Just because a woman is wearing the burqa, it does not necessarily mean she is oppressed. And come to think of it, every Muslim is not a supporter of the Taliban and, on the contrary, many are against them.
I'm a regular teenager who loves everything that has to do with fashion. I don't fancy covering my head like Muslim women are supposed to either and I consider myself someone with a neutral view of things. But the recent hoopla on in social networking sites like Facebook and Twitter over Muslim women being oppressed and suppressed under the burqa is something that I strongly disagree with. I can't help saying that the media, along with certain sections of society, are exaggerating things as usual.
It is simply beyond my logic why people whine and create a lot of commotion over women wearing burqa, but are completely at ease with the so-called “forward” bikini-clad women. Society is okay even with celebrities posing nude for glam magazines but raise an uproar over burqa-clad women. This couldn't get any more disgusting.
The actual question, though, is about the freedom of choice. If a Muslim woman is comfortable with her dressing and is doing no one any harm, then why bother about it? Nobody opposes the lingerie ads and the photos of women in “hot pants” and exposed cleavages printed in magazines and hoardings. Why the double standard? Is this fair in any manner?
Coming to the next misconception. I have been hearing this over and over that Muslim women are being oppressed under the burqa. Yes, there are women being oppressed and subjected to the most inhuman torture and brutality imaginable, especially under the Taliban. But there's a small correction here. Just because a woman is wearing the burqa, it does not necessarily mean she is oppressed. And come to think of it, every Muslim is not a supporter of the Taliban and, on the contrary, many are against them. I live in Calicut, where a majority of the Muslim women I see are under the hijab and some of them I know quite well! But I must say, under the hijab lies the empowered, well-educated, smart, independent women who are also well-versed in English. They go about driving scooters and cars like any other and they are also important decision-makers in the family.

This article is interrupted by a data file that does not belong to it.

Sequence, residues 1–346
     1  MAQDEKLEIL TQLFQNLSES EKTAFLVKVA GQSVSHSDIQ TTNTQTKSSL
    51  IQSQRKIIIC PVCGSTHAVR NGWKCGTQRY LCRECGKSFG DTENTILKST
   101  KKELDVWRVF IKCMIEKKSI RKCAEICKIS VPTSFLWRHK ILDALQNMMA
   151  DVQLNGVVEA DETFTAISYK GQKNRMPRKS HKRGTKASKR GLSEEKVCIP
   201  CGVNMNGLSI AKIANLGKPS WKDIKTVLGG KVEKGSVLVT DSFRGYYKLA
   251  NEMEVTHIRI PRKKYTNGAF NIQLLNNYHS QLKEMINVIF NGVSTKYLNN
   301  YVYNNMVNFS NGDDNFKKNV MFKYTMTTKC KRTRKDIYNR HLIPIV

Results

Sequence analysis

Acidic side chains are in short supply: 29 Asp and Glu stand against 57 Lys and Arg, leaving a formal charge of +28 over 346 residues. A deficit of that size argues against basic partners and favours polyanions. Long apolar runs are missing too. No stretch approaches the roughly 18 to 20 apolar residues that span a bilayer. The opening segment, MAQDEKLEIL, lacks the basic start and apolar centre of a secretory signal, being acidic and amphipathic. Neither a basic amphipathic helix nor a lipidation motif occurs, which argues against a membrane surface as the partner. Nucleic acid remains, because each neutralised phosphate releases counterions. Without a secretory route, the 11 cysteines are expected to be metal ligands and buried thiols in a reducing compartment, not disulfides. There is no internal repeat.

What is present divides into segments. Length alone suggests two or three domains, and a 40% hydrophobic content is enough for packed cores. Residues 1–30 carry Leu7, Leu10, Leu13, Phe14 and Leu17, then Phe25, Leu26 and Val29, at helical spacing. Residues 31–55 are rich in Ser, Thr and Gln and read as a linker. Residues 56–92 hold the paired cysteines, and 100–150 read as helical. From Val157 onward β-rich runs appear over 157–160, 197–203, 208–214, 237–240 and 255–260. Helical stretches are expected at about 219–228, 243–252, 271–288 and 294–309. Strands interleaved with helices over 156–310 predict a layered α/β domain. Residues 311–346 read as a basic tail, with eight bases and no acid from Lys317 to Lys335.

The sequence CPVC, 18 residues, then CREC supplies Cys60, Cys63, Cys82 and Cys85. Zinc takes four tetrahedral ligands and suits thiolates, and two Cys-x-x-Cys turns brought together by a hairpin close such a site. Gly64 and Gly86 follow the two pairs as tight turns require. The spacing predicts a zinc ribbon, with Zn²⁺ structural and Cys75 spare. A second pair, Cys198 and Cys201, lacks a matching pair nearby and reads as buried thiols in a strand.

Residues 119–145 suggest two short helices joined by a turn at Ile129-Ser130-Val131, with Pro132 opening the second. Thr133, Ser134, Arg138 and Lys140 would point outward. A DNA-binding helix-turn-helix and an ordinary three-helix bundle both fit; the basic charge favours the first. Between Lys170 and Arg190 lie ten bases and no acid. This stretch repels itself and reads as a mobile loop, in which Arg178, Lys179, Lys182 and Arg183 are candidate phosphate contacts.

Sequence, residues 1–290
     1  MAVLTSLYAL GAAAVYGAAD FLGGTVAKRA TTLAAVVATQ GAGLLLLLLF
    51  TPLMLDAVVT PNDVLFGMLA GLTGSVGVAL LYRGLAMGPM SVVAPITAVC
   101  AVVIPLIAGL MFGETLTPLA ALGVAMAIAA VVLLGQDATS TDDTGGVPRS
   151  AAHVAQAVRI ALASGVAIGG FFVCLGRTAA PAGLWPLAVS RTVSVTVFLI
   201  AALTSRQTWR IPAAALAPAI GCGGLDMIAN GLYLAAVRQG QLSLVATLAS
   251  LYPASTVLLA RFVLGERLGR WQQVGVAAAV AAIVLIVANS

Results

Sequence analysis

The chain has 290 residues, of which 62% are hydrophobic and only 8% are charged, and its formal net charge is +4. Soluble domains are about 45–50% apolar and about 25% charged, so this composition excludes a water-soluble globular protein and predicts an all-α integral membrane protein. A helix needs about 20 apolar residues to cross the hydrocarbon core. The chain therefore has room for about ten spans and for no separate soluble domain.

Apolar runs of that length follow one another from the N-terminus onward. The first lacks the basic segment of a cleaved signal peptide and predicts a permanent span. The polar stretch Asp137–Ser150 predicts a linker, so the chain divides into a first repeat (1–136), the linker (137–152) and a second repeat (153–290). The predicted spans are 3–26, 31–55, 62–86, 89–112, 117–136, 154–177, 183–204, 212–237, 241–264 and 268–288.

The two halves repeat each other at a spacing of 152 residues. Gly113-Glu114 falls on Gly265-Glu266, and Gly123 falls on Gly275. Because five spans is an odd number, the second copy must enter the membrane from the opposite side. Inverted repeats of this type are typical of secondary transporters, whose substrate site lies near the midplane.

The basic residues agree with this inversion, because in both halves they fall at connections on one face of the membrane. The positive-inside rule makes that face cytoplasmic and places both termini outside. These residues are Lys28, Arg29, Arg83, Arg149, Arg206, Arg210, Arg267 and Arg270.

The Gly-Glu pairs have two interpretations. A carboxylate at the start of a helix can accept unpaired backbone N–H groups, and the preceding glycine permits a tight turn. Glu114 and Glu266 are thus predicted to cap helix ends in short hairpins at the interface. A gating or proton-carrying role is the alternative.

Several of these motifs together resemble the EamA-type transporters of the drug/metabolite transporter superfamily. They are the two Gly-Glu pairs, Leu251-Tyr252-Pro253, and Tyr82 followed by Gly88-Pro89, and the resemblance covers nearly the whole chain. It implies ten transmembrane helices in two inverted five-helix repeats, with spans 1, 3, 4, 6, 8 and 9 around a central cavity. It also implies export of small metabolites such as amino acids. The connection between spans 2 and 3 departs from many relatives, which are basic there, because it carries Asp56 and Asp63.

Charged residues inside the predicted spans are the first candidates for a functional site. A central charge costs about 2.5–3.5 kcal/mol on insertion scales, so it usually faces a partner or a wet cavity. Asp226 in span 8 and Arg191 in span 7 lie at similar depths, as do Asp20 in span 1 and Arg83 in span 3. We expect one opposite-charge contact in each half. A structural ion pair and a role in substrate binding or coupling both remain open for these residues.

As a girl who sees empowered, happy and smart women in hijab around, it is indeed hard for me to digest the statement that women are being suppressed under the burqa. In fact, most of the women I know have chosen to wear this attire out of their own choice and not out of compulsion. While society and feminists are busy saying how narrow-minded the Muslim society is, I would like them to open up their minds a bit and look around before making a solid statement. Of course, there are exceptions like the unfortunate women I mentioned earlier. But my point is that the hijab doesn't make Muslim women the slightest bit oppressed. It is only a matter of personal choice.